Flavours of Queensland
Welcome to the sunshine state. Sun, surf, sand and blue water, combined with rural towns, outback stations and mining developments. The character of the place is emblazoned on the brows of the locals – once a Queenslander, always a Queenslander. Stories passed down through several generations make Queensland special to me.
My great grandfather arrived on a boat from Scotland with big dreams of a new start. He started up a carrying business while they were building the train line from Rockhamption to Longreach. His hard work paid off and he managed to buy three properties outside Isisford, becoming a rural pastoralist. My other great grandfather arrived from England at the age of three, when his father was searching for his new start in the gold mines in Gympie. With such a strong foothold in this land to the north, it was such an exciting journey to discover the cuisine that is making the state shine on the world stage.
It has long been a destination for tourists, with its beaches, islands and the Great Barrier Reef. And now its food offerings have caught up, with chefs using local produce to showcase their skill. The cuisine in Queensland can stand tall, and alone, as the reason why people should visit this state.
The books is $80 and is available from www.smudgeeats.com.au/bookshop.
From Ocean to Plate
Queensland is a treasure trove of coastal waters that are home to some
of Australia’s best seafood. We’re taking a microscope to the produce
you may have heard of before, but know nothing about.
Moreton Bay Bugs
What are they? These little critters are found all the way down Queensland’s coastal waters, but they’re best fished just outside of Brisbane at Moreton Bay. Boasting a medium to strong flavour, they contain sweet and juicy meat that contain little sinew. Best prepared by poaching, steaming, barbecuing or grilling, they can be cooked whole or the flesh can be removed from the tail to be prepared separately.
Why do Aussies love them so? Their unique flavour is hard to match elsewhere. With a larger yield than lobsters, the bugs are a high-protein, low-fat option for every seafood lover.
While most of the flesh comes from the tail, cook it whole for extra visual value – the sight of a bug, shell and all, on your plate is hard to forget! Perfectly paired with any number of aiolis or vinaigrettes, dish it up by itself or with a warm salad.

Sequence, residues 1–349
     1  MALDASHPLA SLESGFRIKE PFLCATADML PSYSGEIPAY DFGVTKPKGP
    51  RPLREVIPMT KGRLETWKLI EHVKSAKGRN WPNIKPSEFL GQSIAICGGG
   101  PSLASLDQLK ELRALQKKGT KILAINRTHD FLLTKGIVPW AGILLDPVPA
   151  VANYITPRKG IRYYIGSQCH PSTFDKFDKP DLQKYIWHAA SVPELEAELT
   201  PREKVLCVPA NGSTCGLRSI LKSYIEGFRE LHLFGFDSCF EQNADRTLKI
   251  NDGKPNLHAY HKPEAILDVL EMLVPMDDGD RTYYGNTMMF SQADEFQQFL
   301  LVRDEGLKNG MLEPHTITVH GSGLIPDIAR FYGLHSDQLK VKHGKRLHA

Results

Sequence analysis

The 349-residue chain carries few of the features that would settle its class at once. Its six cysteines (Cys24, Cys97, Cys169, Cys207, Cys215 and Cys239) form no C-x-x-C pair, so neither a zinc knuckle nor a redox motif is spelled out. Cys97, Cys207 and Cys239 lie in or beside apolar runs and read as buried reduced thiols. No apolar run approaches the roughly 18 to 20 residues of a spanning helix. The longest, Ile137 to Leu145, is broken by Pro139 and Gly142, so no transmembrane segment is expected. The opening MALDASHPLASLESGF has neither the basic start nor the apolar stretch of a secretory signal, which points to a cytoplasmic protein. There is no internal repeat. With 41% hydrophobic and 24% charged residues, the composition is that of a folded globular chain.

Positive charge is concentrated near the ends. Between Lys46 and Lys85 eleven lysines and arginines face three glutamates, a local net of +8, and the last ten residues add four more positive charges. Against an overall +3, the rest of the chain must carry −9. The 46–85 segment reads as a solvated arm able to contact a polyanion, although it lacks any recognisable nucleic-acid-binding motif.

Recipe Moreton Bay Bug with Clams and Seaweed Chowder, page 362
What are they? If you’ve ever eaten a fresh and juicy prawn, chances are it came from Mooloolaba. The large and succulent crustaceans are caught off the Sunshine Coast by large trawlers, who collectively net $100 million worth of prawns every year. Their main features are a nice bright orange colour, a firm shell and firm flesh.
Why do Aussies love them so? The people have spoken: the Eastern Ocean King prawn is the one we love the most. As an excellent source of omega 3 fatty acids, iron, zinc and Vitamin E and containing less than 4g of fat per kilo, they’re a tasty treat that your body thanks you for. Coming straight off the boat and onto your plate, these prawns are a versatile addition to any dining occasion.
Recipe Prawn & Green Mango Salad, page 386
Noosa Spanner Crab
What are they? These bright red molluscs hail from the waters off the Sunshine Coast and boast a delicate, pure white meat that looks pretty on your plate. They have an elongated shell, and spanner-shaped front legs, yielding 25% meat from the body, claws and legs. Hanging out in sandy areas, they are caught with netted frames (dillies) everywhere from Bundaberg to Tweed Heads.
Why do Aussies love them so? Presenting a more delicate alternative to the darker meat of mud crab, spanner crabs not only look great on your plate – they’re also super versatile. Steam them whole and pair with a dipping sauce or use the meat to make a range of dishes, including stir-frys, pancakes and salads. Available both live and cooked; they are also good sources of Vitamin B6, folic acid, magnesium and selenium.
Recipe Linguine Al Granchio, page 166
Hervey Bay scallops
What are they? These heroes of the half-shell are a staple of restaurant menus across Australia, coming from the 40-kilometre stretch of coastline right near heritage-listed Fraser Island. The creamy white shellfish have sweet, rich meat that’s medium to firm in texture. Also called a saucer scallop, it’s usually served without roe, and has a lightly coloured shell.
Why do Aussies love them so? Hervey Bay scallops are one of the most versatile shellfish – they can be steamed, poached, deep-fried, pan-fried, stir-fried, baked, grilled, barbecued or even eaten raw. They’re succulent and sweet, and don’t need anything more than a little garlic, lemon and butter. Simple, but sophisticated – just like the place they come from.
Recipe Hervey Bay Scallop Ceviche with Avocado, Sweetcorn and Bacon, page 358